Sunday, January 10, 2010
Why did Bush treat the shoe bomber as a criminal?
When criticized for treating the Christmas bomber as a criminal rather than an enemy combatant, the Dems like to make the point that President Bush did the same thing in 2001. Big difference. The following post from the CannonReport sums it up very nicely:
The primary issue of the shoe bomber in 2001 was that up to, and including, that point, the default response of the government was to assign jurisdiction to civilian law enforcement and the civilian courts, under title 18 USC, with out even considering the need for intelligence gathering from these individuals or even considering the concept that a detained terrorist could and quite possibly should, be handled under a different jurisdiction process. Why was this? Because just as the 9/11 Commission pointed out, as a nation as a whole, and as a functioning government, we did not recognize that we were currently, and had been for some time, in a defacto armed conflict (a low intensity war, but still a war none the less) with a properly recognized and lawfully designated trans-national terrorist organization. Even three months after 9/11, when Reid tried to blow up the airliner he was on, we were still looking at the issue of individual terrorists as mear criminals to be arrested. It is no wonder that the federal government defaulted to the previous group think with Reid, when he was caught so close on the heels of 9/11.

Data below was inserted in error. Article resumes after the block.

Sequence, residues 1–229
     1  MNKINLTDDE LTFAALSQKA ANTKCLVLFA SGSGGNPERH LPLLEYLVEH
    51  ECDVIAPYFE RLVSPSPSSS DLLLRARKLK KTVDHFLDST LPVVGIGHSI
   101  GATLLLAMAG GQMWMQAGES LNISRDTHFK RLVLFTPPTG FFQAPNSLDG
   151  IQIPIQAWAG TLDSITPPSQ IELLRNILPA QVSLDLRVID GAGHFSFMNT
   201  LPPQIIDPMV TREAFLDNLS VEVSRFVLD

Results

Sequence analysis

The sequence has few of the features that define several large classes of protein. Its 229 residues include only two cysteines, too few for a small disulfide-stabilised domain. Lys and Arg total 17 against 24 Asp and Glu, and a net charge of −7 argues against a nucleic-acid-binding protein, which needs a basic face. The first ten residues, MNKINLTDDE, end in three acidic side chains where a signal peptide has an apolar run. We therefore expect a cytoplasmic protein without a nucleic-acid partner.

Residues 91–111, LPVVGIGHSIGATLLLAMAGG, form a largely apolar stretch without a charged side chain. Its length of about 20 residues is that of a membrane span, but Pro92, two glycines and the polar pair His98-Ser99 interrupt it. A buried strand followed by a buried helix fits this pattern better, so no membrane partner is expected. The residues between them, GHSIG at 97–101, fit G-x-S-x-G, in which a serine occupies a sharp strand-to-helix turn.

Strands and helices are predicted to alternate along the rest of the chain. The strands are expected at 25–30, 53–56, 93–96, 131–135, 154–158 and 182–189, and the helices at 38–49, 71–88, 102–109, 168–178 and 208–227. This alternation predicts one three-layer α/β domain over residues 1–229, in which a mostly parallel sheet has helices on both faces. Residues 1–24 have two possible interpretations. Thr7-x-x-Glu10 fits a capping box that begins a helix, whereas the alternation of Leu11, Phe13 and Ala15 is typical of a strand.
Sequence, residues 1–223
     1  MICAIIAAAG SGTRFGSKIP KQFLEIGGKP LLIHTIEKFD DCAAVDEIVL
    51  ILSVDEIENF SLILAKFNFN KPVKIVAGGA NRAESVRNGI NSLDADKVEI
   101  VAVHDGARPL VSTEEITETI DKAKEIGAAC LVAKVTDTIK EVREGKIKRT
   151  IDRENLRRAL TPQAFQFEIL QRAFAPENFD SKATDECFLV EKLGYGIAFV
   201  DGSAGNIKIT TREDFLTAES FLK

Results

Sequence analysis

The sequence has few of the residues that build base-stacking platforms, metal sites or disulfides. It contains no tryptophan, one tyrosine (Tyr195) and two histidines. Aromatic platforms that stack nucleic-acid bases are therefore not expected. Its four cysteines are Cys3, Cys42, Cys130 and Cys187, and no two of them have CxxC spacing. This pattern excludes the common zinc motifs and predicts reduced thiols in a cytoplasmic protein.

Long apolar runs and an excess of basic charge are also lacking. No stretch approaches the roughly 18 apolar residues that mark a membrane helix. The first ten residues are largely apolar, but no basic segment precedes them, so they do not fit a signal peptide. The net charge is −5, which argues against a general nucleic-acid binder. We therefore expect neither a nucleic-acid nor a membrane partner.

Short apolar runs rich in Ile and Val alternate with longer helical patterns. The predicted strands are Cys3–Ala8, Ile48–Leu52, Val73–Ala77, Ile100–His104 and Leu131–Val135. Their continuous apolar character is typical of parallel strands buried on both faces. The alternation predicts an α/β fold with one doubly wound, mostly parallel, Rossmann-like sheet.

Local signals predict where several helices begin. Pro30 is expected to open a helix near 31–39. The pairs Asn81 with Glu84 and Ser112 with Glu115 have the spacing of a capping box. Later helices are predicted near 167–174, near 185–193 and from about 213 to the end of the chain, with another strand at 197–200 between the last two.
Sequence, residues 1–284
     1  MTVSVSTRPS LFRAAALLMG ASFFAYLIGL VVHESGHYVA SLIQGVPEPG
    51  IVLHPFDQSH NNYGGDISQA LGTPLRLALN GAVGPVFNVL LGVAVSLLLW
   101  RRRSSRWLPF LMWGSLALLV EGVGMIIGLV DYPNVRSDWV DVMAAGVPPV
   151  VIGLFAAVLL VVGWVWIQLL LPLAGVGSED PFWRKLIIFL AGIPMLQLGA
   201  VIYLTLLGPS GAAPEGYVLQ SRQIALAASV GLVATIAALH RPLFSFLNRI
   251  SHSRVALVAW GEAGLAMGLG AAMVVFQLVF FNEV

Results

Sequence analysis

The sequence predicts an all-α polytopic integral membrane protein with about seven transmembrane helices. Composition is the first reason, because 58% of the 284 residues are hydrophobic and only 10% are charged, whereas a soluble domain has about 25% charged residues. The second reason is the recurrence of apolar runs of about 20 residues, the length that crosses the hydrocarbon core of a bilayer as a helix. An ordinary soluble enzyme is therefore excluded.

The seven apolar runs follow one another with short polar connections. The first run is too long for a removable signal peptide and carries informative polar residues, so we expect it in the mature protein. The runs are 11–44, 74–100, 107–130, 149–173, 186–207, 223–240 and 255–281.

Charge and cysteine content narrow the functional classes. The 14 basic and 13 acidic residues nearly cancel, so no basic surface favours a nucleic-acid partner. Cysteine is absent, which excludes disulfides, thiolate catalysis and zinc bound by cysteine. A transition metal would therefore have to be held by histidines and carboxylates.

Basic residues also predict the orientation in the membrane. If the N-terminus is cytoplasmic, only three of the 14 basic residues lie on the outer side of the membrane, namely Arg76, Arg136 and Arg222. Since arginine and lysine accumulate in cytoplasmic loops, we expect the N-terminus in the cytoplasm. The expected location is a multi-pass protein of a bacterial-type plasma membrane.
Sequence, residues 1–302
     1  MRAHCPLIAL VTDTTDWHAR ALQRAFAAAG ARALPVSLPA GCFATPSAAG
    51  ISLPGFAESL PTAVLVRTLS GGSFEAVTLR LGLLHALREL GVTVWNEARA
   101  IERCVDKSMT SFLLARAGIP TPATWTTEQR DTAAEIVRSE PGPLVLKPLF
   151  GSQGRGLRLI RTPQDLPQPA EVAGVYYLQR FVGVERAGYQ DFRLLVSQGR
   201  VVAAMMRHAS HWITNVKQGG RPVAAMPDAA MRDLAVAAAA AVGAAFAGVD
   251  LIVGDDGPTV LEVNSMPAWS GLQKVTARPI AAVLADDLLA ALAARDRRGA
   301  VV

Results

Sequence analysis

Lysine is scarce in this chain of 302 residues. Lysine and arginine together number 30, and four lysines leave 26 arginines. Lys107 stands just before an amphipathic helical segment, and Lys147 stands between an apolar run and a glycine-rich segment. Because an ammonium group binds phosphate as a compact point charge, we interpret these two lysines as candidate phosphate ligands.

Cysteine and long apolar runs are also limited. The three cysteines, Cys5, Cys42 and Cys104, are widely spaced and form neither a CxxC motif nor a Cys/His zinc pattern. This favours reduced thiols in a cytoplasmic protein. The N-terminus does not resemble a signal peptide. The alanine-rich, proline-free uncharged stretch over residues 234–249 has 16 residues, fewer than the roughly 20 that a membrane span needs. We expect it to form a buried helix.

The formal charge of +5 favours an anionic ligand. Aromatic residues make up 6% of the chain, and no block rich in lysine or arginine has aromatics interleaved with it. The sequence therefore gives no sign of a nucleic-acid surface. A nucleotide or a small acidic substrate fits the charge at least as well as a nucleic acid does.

Since 2001, the mindset has obviously changed to what was then not intuitively obvious. Today, in 2010, it's mere Common Sense to treat the Christmas bomber as an enemy combatant. However, Common Sense is not something in great supply in the current administration.